Or maybe Brother #3 will shine a light on the ramifications of branches in the night. He recently posted about black-and-white pictures of Gobelins, so I know he knows from Hallowe'eny spookulage. And speaking of negative coverage, he's working on a project that's the diametric ("two meters," or about 79 inches) opposite of Andrew's blip: His words have all the colored pixels turned on at once, or at least they do if you're looking at them on the right kind of monitor.

Me, I'm going to go turn on the radio and write some checks. It seems somehow appropriate to pay for service I'm not getting with money that's not mine. Currency is fiction anyhow; it only works because we all agree to suspend the same disbelief. A photograph at least gives you something you can hang your hat on.

Wednesday, November 01, 2006

Seid Umschlungen, Millionen! reports today that the Web has more than 100 million sites, as of October 2006.

In August 1995, it says, there were only 18,000 sites. (CNN's numbers come from a company called Netcraft, from Bath, England, which has been tracking Web statistics since August 1995.)

The first Website ever was established at CERN in 1989, the brainchild of Tim Berners-Lee and others.

So in its first six years, the Web expanded 1,800,000%. In its next 11 years, the growth rate dropped below 600,000%. In the past 30 months, says Netcraft, the Web has only doubled in size, from 50 million sites to 100 million sites.

What's fun in these statistics for me is knowing that in 1995 I had one of the only 18,000 Websites out there. I had no idea it was such a rarity at the time.

I'd have to dig through old records to figure out when I registered the domain, but by 1995 I was already using AOL to post HTML pages and .JPG images to, or whatever the address was for the Websites they gave members.

It was a bit of a hack, using a somewhat clunky AOL FTP interface to put files in public view, but AOL made it possible, and using a Macintosh, which had the only multitasking OS widely available to ordinary users at the time, it was easy enough to edit HTML text in one program, pictures in another, and post them to the Web in a third.

Eventually the 10MB of space AOL provided got too confined, and I signed up for a Website on a shared Apache server that gave me more elbow room. I kept it up to date pretty regularly until 2000, when I moved, took on a new job, and ran out of free time. I still have a backlog of several years worth of exploits to post, one day when I run out of higher priorities. Since 1999, my home page has been updated three or four times and visited 42,000 times.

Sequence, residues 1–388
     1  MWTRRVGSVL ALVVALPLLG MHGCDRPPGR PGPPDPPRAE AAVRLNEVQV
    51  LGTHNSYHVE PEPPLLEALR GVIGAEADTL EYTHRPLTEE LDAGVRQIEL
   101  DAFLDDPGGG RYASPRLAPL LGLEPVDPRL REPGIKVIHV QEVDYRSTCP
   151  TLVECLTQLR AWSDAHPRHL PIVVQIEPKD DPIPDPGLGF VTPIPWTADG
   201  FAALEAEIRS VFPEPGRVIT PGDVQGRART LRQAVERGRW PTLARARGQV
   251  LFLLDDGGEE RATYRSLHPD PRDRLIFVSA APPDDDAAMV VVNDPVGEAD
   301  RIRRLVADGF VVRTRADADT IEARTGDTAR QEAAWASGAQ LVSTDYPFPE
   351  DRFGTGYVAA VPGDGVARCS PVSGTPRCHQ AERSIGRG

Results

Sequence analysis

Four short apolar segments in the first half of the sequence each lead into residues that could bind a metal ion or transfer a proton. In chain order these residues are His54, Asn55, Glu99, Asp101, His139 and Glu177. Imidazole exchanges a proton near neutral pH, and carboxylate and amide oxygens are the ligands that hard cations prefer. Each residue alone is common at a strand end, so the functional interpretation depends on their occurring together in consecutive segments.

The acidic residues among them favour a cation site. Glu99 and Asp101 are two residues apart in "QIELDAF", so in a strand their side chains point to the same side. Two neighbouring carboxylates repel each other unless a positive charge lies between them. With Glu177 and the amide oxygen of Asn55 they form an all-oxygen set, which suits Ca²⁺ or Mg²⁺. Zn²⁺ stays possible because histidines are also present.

Nowadays I manage a few other Websites as well, plus there's this blog, which seemed revolutionary to me when I started keeping it. It's a different style of posting, more of a journal and less of a static collection. But when I ran into an old friend online a few months ago, as I was giving a new computer a test flight, he pointed out that I'd been blogging way back in 1995, only they didn't call it that. I'd go somewhere, or do something, and post stories and pictures of it online. I guess he wasn't far off.

I do love the modern blog interface, which lets me post my ramblings easily--too easily--through forms on a Web page. The even bigger enabling move for me was moving to a digital camera, where now my pictures are available to post online as soon as I take them. Technology at all levels has improved: operating systems, individual applications, connectivity, Internet bandwidth, browser abilities. (Don't ask how much oil we're burning to keep this effigy alight.)

On my own-designed Website, I liked the control I had over what fell where on the page. Navigating through posts on a blog tends to be fairly linear, based on chronology. On my Website, I could set up navigation that way if I chose, or I could build something more hierarchical, with information clumped around different topics, or I could design an interface that was even more jarring and random. I can customize the blog interface here, to some degree, but the technology is at once more arcane and less exciting.

One of these days, maybe I'll start sticking all these blog postings back on Here or there, it's fun to be adding to the 100 million pages of dribble that make up our generation's paean to civilization. Look on our works, ye mighty, and despair.